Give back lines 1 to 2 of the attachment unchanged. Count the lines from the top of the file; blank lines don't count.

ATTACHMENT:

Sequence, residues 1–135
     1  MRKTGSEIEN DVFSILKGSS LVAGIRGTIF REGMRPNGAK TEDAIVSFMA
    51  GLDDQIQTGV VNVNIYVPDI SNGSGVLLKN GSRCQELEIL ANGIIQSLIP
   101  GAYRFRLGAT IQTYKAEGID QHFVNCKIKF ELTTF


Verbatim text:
Sequence, residues 1–135
     1  MRKTGSEIEN DVFSILKGSS LVAGIRGTIF REGMRPNGAK TEDAIVSFMA